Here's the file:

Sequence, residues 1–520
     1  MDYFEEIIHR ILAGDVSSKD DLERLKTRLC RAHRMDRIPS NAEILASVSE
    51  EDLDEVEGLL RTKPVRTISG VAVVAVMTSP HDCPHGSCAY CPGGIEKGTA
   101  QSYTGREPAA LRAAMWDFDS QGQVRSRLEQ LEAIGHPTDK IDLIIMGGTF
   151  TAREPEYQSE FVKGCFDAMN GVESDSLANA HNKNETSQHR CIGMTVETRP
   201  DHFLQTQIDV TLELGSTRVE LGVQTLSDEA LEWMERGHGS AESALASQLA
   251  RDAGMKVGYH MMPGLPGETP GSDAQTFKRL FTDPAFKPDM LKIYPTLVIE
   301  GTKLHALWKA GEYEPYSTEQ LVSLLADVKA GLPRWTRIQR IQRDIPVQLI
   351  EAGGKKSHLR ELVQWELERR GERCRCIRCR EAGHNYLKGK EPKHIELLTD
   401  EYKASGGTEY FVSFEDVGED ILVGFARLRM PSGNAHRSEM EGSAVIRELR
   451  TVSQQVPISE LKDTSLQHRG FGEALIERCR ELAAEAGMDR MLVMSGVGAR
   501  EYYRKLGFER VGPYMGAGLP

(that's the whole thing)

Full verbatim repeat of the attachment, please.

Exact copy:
Sequence, residues 1–520
     1  MDYFEEIIHR ILAGDVSSKD DLERLKTRLC RAHRMDRIPS NAEILASVSE
    51  EDLDEVEGLL RTKPVRTISG VAVVAVMTSP HDCPHGSCAY CPGGIEKGTA
   101  QSYTGREPAA LRAAMWDFDS QGQVRSRLEQ LEAIGHPTDK IDLIIMGGTF
   151  TAREPEYQSE FVKGCFDAMN GVESDSLANA HNKNETSQHR CIGMTVETRP
   201  DHFLQTQIDV TLELGSTRVE LGVQTLSDEA LEWMERGHGS AESALASQLA
   251  RDAGMKVGYH MMPGLPGETP GSDAQTFKRL FTDPAFKPDM LKIYPTLVIE
   301  GTKLHALWKA GEYEPYSTEQ LVSLLADVKA GLPRWTRIQR IQRDIPVQLI
   351  EAGGKKSHLR ELVQWELERR GERCRCIRCR EAGHNYLKGK EPKHIELLTD
   401  EYKASGGTEY FVSFEDVGED ILVGFARLRM PSGNAHRSEM EGSAVIRELR
   451  TVSQQVPISE LKDTSLQHRG FGEALIERCR ELAAEAGMDR MLVMSGVGAR
   501  EYYRKLGFER VGPYMGAGLP